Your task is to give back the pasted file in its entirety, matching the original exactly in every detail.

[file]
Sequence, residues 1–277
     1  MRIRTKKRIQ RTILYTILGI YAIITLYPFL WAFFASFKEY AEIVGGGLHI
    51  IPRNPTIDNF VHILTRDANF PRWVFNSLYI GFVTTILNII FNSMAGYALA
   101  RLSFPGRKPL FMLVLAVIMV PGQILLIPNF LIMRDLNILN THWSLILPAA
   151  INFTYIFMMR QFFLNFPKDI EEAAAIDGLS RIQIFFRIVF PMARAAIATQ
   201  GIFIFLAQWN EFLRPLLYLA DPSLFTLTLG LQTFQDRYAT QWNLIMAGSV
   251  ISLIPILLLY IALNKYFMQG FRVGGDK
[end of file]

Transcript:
Sequence, residues 1–277
     1  MRIRTKKRIQ RTILYTILGI YAIITLYPFL WAFFASFKEY AEIVGGGLHI
    51  IPRNPTIDNF VHILTRDANF PRWVFNSLYI GFVTTILNII FNSMAGYALA
   101  RLSFPGRKPL FMLVLAVIMV PGQILLIPNF LIMRDLNILN THWSLILPAA
   151  INFTYIFMMR QFFLNFPKDI EEAAAIDGLS RIQIFFRIVF PMARAAIATQ
   201  GIFIFLAQWN EFLRPLLYLA DPSLFTLTLG LQTFQDRYAT QWNLIMAGSV
   251  ISLIPILLLY IALNKYFMQG FRVGGDK